Say I bought a car for $20,000 and made a down payment of $5,000

Now, at 0.99% APR, I need to pay around $450/month for 36months to pay off my $15,000 debt.

Now, which is a wiser option:

  1. I make $1,000 payments every month so that I will payoff my loan in nearly 18months. (half the actual time)
  2. Make a full payment of 15,000 in 1month
  3. Keep paying $450/month

Is there any saving in any of the three options for me? Especially, in option 1 and 2, will I be paying less interest since I will pay off my load before the actual time?

  • Option 2 is a little confusing. Are you saying you have the full 15,000 to pay off the debt? or do you mean pay nothing till you can pay 15,000? Jul 11, 2012 at 9:56
  • yes, I mean make the full payment of the debt in one go.
    – zengr
    Jul 11, 2012 at 17:39
  • If you have the $15k to pay it off in the first month, why bother with a loan?
    – JohnFx
    Apr 4, 2016 at 3:52
  • Because the interest is low. I can invest that money somewhere else and make more money.
    – zengr
    Apr 4, 2016 at 16:54

2 Answers 2


This depends on what the alternative is. Your loan of .99% is very favorable rate. If you have the 15,000 right now but only hold it in your checking account or cash then you might as well just pay it all off(assuming you have an adequate emergency fund).

Paying the debt off sooner will save you on interest. Currently if you pay the minimum you will pay a total of $15,230 by the end of the loan, a $230 premium to $15,000. - Math credit goes to Joe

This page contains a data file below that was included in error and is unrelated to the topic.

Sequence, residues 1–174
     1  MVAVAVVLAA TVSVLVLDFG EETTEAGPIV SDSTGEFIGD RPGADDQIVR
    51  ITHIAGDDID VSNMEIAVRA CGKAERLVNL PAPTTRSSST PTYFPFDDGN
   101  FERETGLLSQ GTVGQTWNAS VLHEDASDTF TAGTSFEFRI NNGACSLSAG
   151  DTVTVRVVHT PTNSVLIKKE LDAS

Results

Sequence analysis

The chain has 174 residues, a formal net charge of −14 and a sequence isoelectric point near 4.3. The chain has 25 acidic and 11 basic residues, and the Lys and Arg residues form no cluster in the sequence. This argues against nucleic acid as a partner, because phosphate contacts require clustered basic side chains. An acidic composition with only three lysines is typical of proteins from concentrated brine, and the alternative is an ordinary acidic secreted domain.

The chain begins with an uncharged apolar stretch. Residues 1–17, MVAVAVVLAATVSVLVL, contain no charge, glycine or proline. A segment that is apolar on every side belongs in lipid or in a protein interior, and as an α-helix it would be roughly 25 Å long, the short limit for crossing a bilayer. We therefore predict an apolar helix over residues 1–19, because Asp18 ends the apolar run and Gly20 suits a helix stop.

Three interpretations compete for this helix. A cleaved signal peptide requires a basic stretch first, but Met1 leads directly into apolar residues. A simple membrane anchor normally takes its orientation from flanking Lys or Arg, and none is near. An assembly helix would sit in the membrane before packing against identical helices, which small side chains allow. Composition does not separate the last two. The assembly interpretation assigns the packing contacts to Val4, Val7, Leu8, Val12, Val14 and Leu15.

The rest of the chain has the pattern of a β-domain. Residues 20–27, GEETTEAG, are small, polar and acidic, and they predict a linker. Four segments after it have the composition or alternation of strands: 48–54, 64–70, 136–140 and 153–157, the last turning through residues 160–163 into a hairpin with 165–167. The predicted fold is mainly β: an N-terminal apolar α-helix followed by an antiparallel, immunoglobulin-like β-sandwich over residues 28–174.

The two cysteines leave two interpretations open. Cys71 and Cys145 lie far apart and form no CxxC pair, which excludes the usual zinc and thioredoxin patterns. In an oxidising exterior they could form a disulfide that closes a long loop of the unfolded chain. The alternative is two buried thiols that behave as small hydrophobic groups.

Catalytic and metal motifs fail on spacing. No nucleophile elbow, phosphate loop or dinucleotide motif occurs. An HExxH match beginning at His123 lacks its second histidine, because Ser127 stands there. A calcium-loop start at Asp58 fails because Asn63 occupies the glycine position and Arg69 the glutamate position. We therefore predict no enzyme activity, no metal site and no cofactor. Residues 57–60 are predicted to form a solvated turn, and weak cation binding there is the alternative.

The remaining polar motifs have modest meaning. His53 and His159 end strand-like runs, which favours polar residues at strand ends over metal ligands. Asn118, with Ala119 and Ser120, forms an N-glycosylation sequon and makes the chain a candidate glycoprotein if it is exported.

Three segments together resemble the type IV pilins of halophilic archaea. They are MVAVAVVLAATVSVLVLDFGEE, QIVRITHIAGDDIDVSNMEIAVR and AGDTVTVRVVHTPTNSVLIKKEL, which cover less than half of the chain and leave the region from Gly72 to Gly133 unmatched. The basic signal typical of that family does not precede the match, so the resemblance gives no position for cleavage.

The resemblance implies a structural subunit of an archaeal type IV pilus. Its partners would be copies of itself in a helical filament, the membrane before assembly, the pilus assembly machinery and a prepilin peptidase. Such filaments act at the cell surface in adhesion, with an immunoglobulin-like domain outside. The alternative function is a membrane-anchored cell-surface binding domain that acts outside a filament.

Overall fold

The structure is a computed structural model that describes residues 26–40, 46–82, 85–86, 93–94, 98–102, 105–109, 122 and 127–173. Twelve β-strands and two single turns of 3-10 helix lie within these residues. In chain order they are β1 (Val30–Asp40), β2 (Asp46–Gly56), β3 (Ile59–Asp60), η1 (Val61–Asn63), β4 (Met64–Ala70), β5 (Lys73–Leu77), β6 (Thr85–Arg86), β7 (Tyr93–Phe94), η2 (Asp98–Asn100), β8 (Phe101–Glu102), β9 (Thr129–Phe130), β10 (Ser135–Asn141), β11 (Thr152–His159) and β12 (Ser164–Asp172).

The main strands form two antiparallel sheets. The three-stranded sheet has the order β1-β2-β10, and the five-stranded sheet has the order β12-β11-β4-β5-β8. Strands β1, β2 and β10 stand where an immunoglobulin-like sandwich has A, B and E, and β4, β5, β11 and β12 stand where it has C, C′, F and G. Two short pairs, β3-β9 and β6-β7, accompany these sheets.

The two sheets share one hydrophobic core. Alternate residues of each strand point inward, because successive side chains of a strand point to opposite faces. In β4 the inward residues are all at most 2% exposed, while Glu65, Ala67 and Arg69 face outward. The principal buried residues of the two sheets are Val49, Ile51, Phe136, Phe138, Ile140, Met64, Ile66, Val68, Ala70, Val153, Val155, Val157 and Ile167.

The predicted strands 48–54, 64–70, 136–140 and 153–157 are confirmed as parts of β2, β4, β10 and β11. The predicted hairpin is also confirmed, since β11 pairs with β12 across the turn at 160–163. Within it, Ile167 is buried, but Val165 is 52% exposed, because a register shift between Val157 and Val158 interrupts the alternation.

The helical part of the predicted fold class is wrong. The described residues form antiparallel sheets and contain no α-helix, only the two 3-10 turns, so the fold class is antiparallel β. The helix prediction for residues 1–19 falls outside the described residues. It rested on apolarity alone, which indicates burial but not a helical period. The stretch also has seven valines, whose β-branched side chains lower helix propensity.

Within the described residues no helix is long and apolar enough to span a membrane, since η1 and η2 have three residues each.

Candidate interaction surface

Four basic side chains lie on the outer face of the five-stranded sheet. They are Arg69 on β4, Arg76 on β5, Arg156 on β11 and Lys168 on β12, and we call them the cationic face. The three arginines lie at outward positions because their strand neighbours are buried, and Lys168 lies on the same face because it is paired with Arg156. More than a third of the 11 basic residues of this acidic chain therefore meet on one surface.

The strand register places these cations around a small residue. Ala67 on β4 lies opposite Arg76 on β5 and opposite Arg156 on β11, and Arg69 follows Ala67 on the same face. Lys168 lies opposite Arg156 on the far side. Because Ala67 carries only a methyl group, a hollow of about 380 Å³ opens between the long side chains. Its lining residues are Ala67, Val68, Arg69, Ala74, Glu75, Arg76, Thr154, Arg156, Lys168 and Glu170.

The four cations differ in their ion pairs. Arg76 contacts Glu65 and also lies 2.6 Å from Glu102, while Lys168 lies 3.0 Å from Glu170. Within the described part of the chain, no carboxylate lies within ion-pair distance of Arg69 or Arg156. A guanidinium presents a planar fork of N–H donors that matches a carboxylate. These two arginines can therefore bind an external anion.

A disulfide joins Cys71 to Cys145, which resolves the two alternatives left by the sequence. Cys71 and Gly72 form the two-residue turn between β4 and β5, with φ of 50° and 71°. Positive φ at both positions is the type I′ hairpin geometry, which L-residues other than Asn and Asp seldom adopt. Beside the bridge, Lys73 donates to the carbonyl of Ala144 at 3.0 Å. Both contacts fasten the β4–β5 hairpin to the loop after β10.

If you have an investment vehicle you feel can successfully yield more then .99%, you might want to consider investing that money instead, while paying the minimum on your car loan.

Also be sure to check the .99% is not an introductory rate which increases later on.

It comes down to whether you can get a better return then .99% investing that money or whether you rather just pay off the debt and not worry about it. If you don't want to bother investing the money, than just pay it off...

I also assumed you have no other revolving debt with a higher APR. If you do, first pay off the higher APR debt.

  • Yeah, I got a good deal which is .99% APR for the whole term.
    – zengr
    Jul 11, 2012 at 17:39
  • 36 mo to pay off at .99% results in payments totaling $15230. Just a tad higher than my envelop calculation of $15225, but far less than The $450 you suggest. The balance declines as paid over time, the full $15,000 doesn't accrue interest the whole time. Jul 11, 2012 at 19:26
  • Just reversed my Downvote. Sorry, I am a stickler for numbers. Now +1. Jul 11, 2012 at 19:34

You can earn significantly more than 0.99% in the stock market. I'd pay the $450/month and invest the rest in a (relatively conservative) stock market fund, making monthly withdrawals for the car note.

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